National Brokers Network

What You Can Do After Selling Your Business

Selling your business is an exhausting process. As explained in the previous post, it contains a lot of planning, consulting, meetings and negotiating. But, it will eventually end. And when it does, what will you do?

There are various questions often left unanswered during the selling process. Here are some:

  • Will you stay in the industry?
  • Will you start a new business?
  • Are you going to buy a vacation home?
  • Are you going on a vacation?
  • What are your plans with the money?

There are countless questions that will eventually pop out of your head — before, during, or even after the transaction. Oftentimes, business sellers don’t have a concrete plan to follow after selling the business. That’s why you should also include in your action plan your life after the sale. Here are after suggestions recommended by our business brokers melbourne.


Take time to adjust

Take a breather because the whole process of selling the business is physically exhausting and mentally draining. Also, the after sale lets you enter a transition period that could take months or years before you can say you are ready to face a new challenge. Make sure that the money is well-managed, which you can seek the advice of professionals, to avoid troubles in future endeavours.


Move and get organized

During the adjustment period, there are many things needed to be done. You will need to draw up a new balance sheet and record your money in order to track it — of course; you’ll need funds to survive, while taking care of the remaining balances needed to be paid, such as tax.

Moreover, your money is in different places — can be in a family trust, a holding company and several family accounts — and that is why getting everything organized can help, or you can hire a part-time bookkeeper to do the job for you.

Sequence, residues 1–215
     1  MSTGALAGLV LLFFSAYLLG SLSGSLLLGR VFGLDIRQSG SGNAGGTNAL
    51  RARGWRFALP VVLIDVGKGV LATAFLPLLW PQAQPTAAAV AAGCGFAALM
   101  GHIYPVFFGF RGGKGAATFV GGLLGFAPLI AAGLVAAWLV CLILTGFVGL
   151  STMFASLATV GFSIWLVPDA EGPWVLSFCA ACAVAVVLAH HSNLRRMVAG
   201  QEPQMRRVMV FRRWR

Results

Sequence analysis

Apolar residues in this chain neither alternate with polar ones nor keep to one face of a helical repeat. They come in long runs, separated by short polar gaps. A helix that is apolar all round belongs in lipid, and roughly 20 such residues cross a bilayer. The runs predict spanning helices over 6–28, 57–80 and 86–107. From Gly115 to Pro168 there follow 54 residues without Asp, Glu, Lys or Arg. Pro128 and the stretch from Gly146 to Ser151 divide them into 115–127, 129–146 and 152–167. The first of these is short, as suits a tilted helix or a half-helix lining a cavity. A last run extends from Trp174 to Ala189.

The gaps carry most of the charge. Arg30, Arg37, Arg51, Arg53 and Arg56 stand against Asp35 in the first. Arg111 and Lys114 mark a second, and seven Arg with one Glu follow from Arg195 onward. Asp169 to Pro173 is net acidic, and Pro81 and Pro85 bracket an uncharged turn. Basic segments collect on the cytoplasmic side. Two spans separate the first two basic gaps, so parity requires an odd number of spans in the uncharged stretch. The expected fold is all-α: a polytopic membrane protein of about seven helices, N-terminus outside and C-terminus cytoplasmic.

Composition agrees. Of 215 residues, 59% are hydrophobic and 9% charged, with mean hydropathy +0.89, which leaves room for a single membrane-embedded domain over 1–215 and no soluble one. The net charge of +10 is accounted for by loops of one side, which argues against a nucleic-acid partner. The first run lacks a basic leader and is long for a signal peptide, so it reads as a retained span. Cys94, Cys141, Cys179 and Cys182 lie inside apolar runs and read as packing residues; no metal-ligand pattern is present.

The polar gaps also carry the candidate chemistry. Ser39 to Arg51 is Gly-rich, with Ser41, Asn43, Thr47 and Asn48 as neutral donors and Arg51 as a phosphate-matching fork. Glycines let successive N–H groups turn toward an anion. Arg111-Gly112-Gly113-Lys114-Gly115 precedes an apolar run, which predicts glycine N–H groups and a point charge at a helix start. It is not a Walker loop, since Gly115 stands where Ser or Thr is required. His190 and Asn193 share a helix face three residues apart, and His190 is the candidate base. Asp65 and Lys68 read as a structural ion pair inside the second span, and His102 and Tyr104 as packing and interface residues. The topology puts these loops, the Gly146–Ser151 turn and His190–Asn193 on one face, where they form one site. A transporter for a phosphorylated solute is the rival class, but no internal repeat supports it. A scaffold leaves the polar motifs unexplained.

Know your tax liability

Getting organized also means knowing your tax liability. Before making any new ventures, make sure to acquire a copy of your tax liability and know when it’s due. There are many ways to work around taxes, business sellers can include insurance and philanthropy in the plan since it also helps increase your net worth in a short time.


Perform an audit on your current estate plan

After selling the business, your estate plan may not work with your current situation. Is your business still included in your will? Or are there any provisions that deal with the company’s shares of your business that is sold? These are just among the questions that you should consider in your current estate plan and must be solved quickly to avoid trouble and misunderstandings.


Talk to family members

You are not the only one affected by the transaction, family members, too. Many business sellers have already explained the importance of speaking with key family members of the new reality the family is facing. There are changes that they need to be aware of to avoid misunderstandings and unpleasant consequences.

Confidentiality Agreement

In Consideration of the Vendor of the subject business, or any other business introduced to the Proposed Purchaser and their agent National Brokers Network (“the agent”) providing information to the Prospective Purchaser, the Prospective Purchaser agrees:

1. To keep all information provided confidential in respect to the subject business and any other business introduced to the Prospective Purchaser by the Agent.
2. That no information is to be disclosed by the Prospective Purchaser to any third party without consent by the Agent;
3. That it will not use for themselves. Or for others benefit, such information other than to Purchase the subject business or other business introduced by the Agent;
4. That any agreement to purchase the whole or portion of the business shall be exclusively through the Agent;
5. To immediately return to the Agent all such information and other details in written form including any drawings and any copies made of written information, notes, summaries or extracts of any document therefor if any when requested by the Agent;
6. Under no circumstances will the Prospective Purchaser make direct contact with the vendor of the subject business or other introduced business without the prior written consent of the Agent;
7. If the Prospective Purchaser breaches this agreement or buys the business direct from the Vendor, the Prospective purchaser is liable to and indemnifies the Agent for any and all losses the agent may incur including economic loss and loss of income.v

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